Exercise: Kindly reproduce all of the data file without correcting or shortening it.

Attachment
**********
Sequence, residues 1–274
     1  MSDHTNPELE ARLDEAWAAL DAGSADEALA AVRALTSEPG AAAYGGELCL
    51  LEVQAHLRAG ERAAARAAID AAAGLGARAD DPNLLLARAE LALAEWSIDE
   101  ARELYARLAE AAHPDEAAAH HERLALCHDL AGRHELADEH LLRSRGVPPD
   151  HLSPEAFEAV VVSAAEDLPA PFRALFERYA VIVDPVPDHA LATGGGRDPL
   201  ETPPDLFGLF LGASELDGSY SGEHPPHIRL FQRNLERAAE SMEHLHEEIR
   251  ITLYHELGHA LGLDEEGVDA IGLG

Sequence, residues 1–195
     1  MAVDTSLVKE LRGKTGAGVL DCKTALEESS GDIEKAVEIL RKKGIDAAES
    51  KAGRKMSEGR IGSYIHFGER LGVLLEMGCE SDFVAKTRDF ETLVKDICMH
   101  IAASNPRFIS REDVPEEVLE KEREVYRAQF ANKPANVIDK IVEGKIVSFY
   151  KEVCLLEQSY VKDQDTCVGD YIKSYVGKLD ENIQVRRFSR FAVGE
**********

Sequence, residues 1–274
     1  MSDHTNPELE ARLDEAWAAL DAGSADEALA AVRALTSEPG AAAYGGELCL
    51  LEVQAHLRAG ERAAARAAID AAAGLGARAD DPNLLLARAE LALAEWSIDE
   101  ARELYARLAE AAHPDEAAAH HERLALCHDL AGRHELADEH LLRSRGVPPD
   151  HLSPEAFEAV VVSAAEDLPA PFRALFERYA VIVDPVPDHA LATGGGRDPL
   201  ETPPDLFGLF LGASELDGSY SGEHPPHIRL FQRNLERAAE SMEHLHEEIR
   251  ITLYHELGHA LGLDEEGVDA IGLG

Sequence, residues 1–195
     1  MAVDTSLVKE LRGKTGAGVL DCKTALEESS GDIEKAVEIL RKKGIDAAES
    51  KAGRKMSEGR IGSYIHFGER LGVLLEMGCE SDFVAKTRDF ETLVKDICMH
   101  IAASNPRFIS REDVPEEVLE KEREVYRAQF ANKPANVIDK IVEGKIVSFY
   151  KEVCLLEQSY VKDQDTCVGD YIKSYVGKLD ENIQVRRFSR FAVGE